The Christian Association of Nigeria (CAN) says the Kwara government should be held responsible for the hijab crisis rocking the state.
In a statement, Joseph Daramola, CAN general secretary, said the swift reopening of the schools is responsible for the resurgence of the religious crisis.
He said the state government failed to address the underlining issues before taking the decision, and asked the federal government to intervene into the matter.
“We learnt that the State Government has ordered the reopening of the closed schools without resolving the crisis,” CAN said.
“Consequently, churches and mission schools are being vandalised with impunity by the hoodlums banking on the state government’s support in the pretext of enforcing the policy.
”Some innocent Christians are being violently abused and attacked under the watch of the Governor who is playing ostrich. Because it was his pronouncement on the issue of hijab wearing in violation of the court directive on the matter to maintain status quo until the matter is finally resolved by the court that led to this trouble.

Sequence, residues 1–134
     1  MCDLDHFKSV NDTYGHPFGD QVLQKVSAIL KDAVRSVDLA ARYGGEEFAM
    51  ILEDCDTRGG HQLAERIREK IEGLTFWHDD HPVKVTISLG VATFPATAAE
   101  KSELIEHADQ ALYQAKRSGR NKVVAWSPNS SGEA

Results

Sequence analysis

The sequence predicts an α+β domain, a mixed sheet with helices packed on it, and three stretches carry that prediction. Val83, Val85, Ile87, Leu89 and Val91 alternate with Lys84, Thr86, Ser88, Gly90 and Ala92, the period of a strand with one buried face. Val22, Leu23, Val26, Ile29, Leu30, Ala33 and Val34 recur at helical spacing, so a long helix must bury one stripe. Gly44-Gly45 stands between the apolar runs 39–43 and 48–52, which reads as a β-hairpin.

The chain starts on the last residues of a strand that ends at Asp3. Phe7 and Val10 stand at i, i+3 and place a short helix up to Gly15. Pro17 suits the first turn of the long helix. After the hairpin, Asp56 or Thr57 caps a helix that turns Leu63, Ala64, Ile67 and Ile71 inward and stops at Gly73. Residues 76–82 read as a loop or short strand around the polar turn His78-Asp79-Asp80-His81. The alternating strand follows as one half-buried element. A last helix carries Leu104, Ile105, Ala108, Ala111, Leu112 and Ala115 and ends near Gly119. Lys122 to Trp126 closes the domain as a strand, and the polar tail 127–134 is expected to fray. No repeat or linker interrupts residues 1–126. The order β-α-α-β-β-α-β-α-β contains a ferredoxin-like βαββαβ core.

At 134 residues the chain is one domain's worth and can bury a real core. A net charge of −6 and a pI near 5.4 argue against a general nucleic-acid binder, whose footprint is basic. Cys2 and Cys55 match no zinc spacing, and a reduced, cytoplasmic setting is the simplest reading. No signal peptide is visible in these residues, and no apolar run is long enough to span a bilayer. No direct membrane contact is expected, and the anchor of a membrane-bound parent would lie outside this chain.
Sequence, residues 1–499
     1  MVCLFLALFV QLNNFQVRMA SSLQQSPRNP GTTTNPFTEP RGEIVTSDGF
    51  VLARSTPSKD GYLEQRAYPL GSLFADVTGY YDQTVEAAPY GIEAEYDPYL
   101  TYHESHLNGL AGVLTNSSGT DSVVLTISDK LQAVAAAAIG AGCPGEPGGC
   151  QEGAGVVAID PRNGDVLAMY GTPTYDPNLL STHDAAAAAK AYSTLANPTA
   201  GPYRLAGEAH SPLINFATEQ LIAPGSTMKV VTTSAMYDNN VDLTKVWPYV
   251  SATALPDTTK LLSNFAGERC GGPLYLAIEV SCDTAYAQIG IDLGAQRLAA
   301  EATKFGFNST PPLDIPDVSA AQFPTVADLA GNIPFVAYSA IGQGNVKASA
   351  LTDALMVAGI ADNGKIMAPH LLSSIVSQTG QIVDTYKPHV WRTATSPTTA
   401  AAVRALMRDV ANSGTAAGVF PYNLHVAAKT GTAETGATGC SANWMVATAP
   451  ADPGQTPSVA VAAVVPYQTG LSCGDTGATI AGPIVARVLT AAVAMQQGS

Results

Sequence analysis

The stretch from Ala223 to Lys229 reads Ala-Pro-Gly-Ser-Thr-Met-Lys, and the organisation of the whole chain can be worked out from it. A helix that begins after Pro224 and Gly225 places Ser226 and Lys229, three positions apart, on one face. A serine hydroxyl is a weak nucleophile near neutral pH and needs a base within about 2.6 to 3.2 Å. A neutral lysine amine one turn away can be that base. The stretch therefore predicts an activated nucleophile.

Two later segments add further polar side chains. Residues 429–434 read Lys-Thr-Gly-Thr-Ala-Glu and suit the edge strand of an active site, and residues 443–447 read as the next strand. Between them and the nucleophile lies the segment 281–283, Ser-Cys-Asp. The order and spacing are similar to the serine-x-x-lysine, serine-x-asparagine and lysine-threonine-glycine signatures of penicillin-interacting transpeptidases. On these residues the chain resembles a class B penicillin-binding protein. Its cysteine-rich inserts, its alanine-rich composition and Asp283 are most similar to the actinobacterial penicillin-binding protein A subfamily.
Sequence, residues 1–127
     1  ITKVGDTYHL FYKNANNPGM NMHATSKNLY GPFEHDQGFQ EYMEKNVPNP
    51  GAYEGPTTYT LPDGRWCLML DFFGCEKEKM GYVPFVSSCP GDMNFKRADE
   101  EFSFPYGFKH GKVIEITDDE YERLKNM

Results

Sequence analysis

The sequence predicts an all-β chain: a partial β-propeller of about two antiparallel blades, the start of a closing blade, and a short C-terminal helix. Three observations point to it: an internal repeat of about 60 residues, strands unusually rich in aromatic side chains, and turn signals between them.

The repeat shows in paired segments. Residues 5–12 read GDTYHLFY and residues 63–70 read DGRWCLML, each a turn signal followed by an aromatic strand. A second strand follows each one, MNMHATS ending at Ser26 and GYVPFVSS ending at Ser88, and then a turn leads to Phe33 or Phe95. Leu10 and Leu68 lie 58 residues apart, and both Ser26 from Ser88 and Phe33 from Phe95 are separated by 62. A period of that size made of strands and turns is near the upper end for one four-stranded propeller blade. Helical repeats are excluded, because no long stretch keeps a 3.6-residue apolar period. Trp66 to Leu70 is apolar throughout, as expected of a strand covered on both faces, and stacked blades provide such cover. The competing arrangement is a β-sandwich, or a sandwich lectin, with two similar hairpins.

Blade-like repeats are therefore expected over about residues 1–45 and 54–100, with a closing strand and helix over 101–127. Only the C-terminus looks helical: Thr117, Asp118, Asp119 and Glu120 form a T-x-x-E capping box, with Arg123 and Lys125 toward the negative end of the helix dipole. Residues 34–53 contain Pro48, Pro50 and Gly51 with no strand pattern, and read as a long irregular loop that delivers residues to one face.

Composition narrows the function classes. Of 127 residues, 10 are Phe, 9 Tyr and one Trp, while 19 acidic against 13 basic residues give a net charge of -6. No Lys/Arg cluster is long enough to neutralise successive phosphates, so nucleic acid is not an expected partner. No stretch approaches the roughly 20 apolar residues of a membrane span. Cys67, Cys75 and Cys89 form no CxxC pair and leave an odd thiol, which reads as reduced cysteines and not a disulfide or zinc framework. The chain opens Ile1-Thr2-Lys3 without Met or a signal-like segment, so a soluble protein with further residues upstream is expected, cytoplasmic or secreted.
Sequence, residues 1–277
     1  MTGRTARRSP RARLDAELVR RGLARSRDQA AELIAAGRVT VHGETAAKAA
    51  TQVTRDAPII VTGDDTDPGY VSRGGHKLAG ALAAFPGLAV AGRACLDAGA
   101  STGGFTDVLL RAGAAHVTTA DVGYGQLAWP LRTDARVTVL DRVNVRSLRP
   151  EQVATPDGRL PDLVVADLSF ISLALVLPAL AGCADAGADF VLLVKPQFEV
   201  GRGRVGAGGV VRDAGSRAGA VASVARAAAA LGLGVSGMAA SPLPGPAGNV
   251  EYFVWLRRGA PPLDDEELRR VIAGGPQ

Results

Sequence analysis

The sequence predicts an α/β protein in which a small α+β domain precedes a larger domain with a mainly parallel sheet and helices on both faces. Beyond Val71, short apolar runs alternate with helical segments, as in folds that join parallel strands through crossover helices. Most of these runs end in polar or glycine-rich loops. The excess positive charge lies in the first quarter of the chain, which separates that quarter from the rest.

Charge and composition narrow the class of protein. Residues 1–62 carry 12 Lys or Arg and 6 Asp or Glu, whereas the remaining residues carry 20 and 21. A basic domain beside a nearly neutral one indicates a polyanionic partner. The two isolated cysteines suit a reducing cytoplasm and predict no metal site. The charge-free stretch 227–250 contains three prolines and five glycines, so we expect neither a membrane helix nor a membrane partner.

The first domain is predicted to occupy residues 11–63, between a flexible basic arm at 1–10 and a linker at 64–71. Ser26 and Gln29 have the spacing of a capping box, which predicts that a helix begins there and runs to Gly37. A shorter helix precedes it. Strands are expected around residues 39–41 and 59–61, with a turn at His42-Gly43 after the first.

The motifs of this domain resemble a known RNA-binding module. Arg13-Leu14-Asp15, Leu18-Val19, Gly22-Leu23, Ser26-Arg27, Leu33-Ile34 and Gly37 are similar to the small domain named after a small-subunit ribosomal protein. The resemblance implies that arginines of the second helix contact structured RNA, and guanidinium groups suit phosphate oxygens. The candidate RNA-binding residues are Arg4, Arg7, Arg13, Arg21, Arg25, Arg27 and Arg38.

“If any damage is done to any church or anyone is injured on this matter, the Governor of Kwara State will be held responsible. It is disheartening and unfortunate that a government that was installed democratically will become insensitive to the plight and the yearning of the people.
”As if the governor was voted into the office primarily to protect his own religion. This is unfair, ungodly and reprehensible.
”There are public schools and schools that belong to some Islamic organisations where those who wanted to be wearing hijab can be attending without causing the ongoing needless crisis rocking the state.”
In the past few weeks, the state has been embroiled in controversy over the use of hijab in public schools, especially those that are referred to as grant-aided missionary schools.
On February 19, the state government ordered the closure of 10 schools over a dispute on the use of hijab by Muslim female students.
The controversy degenerated into violence on Wednesday in Ilorin, where Christians and Muslims engaged in a confrontation following the decision of the state government to reopen 10 schools earlier closed.
The Muslim Rights Concern (MURIC) had accused CAN of instigating the clash between the two religions in the state.
The state later clarified that the use of hijab in public schools is not mandatory, but Muslim schoolgirls who are willing can put on the headgear.